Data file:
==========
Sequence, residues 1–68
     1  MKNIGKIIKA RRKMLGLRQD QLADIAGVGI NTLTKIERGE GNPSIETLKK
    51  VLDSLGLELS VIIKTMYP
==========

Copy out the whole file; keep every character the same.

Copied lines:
Sequence, residues 1–68
     1  MKNIGKIIKA RRKMLGLRQD QLADIAGVGI NTLTKIERGE GNPSIETLKK
    51  VLDSLGLELS VIIKTMYP